Managing in uncertainty for high performance

Managing in uncertainty for high performance

3 years ago 0 0 969

What is uncertainty? If we listen to the famous Chinese proverb: “May you live in interesting times”, we can see it as both a blessing and a curse. We are certainly living in interesting – if not uncertain – times. With Brexit, the extended time for Australian election to be decided, the rise of Donald Trump, the disagreements in the South China Sea, we can feel that there is uncertainty all around us. These uncertain times drive very specific responses. Often, these responses are not the best possible responses for the individual or the society in which they exist. How do people respond to uncertainty? When people experience uncertainty, it can mean that the person is out of their comfort zone. When there is uncertainty, people struggle to decide on what to do moving forward. They get stuck, and often have a lack of skill or strategy in deciding how

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Leadership in the dark – leading in tough times

4 years ago 0 0 1534

When things are going well, leadership can be a joy. The conversation is mostly about enhancing performance, how to build people into their capacity and drive success. We see those we lead reach for their potential and grow personally and professionally. No wonder people aspire to leadership. But it is not always like that. There are times of crisis, tragedy and difficulty which require outstanding leadership to manage. Leadership will stop being fun, but it never stops being critically important. In leadership programs the focus is heavily upon how an individual can be a great leader, and creating extraordinary success. Often the ‘dark side’ of leadership is either glossed over or simply ignored. It is not fun, or sexy, to lead at such times, and the importance of it is rarely reflected upon. Sometimes the best that leadership can offer is just to help others cope, to get them through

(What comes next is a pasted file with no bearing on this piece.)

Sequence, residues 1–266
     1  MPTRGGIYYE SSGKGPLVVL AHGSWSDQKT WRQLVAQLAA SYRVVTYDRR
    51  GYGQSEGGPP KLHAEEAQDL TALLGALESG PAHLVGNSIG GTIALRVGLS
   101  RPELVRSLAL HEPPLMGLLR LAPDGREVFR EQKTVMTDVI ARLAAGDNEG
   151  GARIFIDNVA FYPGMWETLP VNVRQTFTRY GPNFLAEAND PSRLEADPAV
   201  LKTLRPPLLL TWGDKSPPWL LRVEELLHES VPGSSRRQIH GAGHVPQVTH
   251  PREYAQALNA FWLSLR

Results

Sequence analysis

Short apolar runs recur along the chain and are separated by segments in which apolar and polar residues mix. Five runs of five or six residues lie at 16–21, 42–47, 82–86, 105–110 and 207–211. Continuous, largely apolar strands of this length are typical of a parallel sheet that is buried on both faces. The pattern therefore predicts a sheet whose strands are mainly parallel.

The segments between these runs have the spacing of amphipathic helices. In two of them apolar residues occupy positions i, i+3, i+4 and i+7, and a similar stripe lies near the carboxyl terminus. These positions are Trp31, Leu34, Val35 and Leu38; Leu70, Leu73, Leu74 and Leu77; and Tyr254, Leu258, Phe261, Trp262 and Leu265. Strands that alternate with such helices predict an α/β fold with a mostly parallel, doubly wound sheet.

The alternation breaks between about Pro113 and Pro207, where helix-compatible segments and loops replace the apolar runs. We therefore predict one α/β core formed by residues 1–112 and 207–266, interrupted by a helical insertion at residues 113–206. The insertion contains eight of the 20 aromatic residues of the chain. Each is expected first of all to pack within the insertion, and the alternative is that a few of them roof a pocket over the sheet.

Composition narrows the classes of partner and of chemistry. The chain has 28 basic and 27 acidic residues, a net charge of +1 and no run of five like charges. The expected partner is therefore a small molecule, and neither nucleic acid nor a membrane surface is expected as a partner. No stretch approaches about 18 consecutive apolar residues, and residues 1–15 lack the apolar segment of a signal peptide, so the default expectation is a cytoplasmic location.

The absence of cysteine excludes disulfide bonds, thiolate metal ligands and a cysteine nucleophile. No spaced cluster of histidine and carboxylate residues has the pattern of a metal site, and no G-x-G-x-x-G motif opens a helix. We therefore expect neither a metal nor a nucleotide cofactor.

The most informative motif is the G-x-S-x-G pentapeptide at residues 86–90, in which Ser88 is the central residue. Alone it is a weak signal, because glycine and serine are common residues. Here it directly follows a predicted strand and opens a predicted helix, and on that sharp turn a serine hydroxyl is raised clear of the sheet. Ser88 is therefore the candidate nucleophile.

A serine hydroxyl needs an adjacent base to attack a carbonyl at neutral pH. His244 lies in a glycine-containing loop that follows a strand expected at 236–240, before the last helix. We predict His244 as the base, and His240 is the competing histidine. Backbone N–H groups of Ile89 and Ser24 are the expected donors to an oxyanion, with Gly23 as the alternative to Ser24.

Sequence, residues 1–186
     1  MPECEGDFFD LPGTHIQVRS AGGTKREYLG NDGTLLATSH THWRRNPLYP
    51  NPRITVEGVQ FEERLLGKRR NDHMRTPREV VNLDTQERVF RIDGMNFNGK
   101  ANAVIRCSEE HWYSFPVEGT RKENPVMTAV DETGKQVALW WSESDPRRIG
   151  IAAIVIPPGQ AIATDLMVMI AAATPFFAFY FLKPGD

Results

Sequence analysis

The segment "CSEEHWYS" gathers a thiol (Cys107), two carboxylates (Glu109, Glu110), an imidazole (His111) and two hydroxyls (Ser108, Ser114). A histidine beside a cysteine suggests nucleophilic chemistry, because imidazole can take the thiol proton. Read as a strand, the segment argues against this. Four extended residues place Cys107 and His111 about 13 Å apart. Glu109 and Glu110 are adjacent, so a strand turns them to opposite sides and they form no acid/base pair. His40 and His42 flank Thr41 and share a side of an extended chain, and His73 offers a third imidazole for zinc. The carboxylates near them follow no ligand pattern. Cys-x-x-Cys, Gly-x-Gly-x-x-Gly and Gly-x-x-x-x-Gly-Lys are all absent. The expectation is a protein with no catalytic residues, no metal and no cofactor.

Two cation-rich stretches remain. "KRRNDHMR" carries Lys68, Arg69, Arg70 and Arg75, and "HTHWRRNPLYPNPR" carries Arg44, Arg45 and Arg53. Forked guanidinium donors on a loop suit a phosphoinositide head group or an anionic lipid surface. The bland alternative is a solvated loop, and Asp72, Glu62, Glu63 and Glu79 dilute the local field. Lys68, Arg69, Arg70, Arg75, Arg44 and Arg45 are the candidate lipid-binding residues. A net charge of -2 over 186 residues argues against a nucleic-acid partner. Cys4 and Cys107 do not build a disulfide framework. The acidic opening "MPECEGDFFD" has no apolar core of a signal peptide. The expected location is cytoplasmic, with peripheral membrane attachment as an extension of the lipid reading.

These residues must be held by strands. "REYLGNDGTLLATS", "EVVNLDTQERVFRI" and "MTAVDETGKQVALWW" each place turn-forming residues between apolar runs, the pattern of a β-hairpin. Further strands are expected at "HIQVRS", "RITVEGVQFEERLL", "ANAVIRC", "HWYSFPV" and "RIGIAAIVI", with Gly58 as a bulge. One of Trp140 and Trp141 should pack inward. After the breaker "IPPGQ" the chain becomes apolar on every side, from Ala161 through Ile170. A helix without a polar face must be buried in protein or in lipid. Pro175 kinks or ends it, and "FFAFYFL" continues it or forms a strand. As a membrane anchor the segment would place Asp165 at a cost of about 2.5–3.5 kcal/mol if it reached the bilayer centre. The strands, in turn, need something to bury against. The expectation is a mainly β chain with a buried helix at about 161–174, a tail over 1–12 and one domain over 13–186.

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The 8 things which will create a perfect storm in your business

4 years ago 0 0 1564

So you have done the company survey, or listened by the coffee machine.  It seems like the jungle drums are beating, and the natives are restless.  The executive team gets together and asks themselves “How did we get like this?”, and wonder at the emerging signs that the culture and engagement strategies have failed. What organisations often find is that the company is not living its stated values, the staff are hardly engaged and the culture has devolved to something just more civil than a cage fight.  And you wondered where your performance had gone? Does this sound familiar?  Too often issues with engagement and culture are identified after these problems are having a real impact on the business and its results.  So many organisations find themselves in trouble and wonder both how they got there, and how to get themselves out. Unfortunately, many organisations find themselves in the perfect

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Crisis communication -surviving the crash

4 years ago 0 0 1339